California Poppy Yellow
Poppy (Papever somniferum) is a 2 to 3 feet tall hardy annual, grown for its seeds, which are used for culinary purposes. Poppy grows best in full sun and requires well-drained, fertile soil. Sow seeds in early spring in rows 12 to 24 inches apart and cover with 1/8 inch of soil. The seed bed should remain moist until plants emerge, which takes 7 to 28 days depending on soil temperature. Thin before plants are 6 inches tall with final in-row spacing of 6 to 8 inches. Water sparingly and lightly fertilize until plants are fully mature and begin flower production. Control insects and diseases during plant establishment prior to the onset of flowering in order to maximize seed production. Flowering begins in late spring to early summer followed by seed pod maturation in mid- to late summer (80–90 days after planting). Harvest during dry weather conditions when the seeds begin to rattle inside the pod. Because seed poppies enjoy warm, dry environments, many cultivars are suitable for Utah.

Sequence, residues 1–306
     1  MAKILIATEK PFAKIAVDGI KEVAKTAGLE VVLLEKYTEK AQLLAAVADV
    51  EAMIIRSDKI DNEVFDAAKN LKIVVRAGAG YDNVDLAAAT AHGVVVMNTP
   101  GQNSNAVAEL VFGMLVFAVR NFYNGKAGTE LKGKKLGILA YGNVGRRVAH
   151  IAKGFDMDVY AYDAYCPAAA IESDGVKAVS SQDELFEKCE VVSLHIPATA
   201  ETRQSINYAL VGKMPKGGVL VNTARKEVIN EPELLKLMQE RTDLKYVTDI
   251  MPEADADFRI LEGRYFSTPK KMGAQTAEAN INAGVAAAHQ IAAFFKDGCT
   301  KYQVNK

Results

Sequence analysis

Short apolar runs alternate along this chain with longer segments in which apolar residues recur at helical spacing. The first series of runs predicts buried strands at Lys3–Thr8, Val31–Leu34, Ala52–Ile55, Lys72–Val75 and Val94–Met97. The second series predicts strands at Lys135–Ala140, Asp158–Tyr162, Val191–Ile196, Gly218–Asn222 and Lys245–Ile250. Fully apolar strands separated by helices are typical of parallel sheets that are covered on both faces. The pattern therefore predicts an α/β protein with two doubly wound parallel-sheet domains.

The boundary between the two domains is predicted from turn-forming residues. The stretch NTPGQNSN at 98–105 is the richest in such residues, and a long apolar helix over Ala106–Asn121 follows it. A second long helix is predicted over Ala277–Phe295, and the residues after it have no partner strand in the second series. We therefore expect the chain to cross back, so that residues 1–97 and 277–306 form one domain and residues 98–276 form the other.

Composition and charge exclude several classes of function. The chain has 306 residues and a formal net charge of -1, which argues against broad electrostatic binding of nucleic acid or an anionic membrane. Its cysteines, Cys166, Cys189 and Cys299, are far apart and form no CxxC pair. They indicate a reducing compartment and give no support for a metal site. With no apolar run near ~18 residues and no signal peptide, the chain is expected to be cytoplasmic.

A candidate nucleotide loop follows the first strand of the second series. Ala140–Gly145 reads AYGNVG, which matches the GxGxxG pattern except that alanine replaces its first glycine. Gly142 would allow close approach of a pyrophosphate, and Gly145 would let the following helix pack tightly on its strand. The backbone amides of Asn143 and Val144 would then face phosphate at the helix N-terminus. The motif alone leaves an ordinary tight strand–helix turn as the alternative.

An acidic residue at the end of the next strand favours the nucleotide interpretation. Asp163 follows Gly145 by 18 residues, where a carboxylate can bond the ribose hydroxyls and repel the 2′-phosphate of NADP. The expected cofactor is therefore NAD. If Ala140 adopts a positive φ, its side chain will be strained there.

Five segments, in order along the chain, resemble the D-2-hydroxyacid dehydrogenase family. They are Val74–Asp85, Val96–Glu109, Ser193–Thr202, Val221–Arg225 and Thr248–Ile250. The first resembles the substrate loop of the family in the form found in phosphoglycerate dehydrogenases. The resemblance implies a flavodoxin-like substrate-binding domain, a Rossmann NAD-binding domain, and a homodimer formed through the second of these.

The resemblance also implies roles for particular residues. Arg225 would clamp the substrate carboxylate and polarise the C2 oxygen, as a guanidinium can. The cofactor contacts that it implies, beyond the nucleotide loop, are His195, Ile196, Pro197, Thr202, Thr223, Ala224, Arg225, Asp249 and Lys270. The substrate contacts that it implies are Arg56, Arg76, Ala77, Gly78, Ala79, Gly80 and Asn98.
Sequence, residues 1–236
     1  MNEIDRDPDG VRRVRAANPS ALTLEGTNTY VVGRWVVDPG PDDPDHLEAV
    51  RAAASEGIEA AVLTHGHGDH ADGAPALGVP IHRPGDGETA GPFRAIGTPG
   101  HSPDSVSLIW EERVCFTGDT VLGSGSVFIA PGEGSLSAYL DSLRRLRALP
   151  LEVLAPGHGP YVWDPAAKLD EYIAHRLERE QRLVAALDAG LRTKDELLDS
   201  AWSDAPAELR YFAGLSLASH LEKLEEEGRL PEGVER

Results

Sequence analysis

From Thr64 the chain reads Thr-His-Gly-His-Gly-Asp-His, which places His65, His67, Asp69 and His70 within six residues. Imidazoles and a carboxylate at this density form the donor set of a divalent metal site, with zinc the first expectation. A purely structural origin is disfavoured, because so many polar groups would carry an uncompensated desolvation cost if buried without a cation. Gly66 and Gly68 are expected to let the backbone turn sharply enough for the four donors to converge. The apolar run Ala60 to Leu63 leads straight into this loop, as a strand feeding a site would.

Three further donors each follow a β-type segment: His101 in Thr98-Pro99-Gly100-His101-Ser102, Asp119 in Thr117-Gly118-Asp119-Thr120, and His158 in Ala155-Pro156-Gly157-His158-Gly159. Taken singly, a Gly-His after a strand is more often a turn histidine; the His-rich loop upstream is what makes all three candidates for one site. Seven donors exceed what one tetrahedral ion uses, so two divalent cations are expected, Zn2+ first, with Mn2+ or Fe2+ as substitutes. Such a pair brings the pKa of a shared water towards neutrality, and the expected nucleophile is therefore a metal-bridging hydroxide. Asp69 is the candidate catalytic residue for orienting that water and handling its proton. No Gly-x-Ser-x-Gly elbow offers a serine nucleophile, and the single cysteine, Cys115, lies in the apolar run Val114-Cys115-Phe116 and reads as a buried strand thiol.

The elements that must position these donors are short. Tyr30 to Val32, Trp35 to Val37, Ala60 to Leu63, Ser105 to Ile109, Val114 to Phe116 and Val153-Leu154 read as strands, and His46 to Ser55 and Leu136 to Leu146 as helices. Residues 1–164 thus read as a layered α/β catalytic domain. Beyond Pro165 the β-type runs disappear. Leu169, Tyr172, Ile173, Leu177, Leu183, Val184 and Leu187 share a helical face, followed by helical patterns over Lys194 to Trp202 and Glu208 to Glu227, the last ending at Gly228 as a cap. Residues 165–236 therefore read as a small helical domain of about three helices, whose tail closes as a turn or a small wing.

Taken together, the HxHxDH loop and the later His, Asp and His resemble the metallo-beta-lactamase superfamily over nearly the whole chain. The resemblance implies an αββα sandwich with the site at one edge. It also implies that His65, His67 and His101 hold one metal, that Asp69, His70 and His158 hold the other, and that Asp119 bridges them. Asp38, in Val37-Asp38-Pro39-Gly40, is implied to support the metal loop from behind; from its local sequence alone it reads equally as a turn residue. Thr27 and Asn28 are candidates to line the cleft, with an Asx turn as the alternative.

Poppy seeds are extremely small (100,000+ seeds per ounce). Seeds should be sown sparingly in shallow furrows or surface broadcast. To prevent over seeding, mix seed with fine sand and broadcasted mixture. Poppy seeds need light to germinate. Cover seed with no more than 1/8 inch of soil. Seeds also germinated better when exposed to freezing and thawing conditions; therefore, sow seeds either in late fall or very early spring. Plant growth and development is slow, and seed maturation takes up to 5 months, so early sowing is essential. Seeds germinate slowly requiring 4 weeks to emerge in cool weather and 2 weeks if the weather is warmer.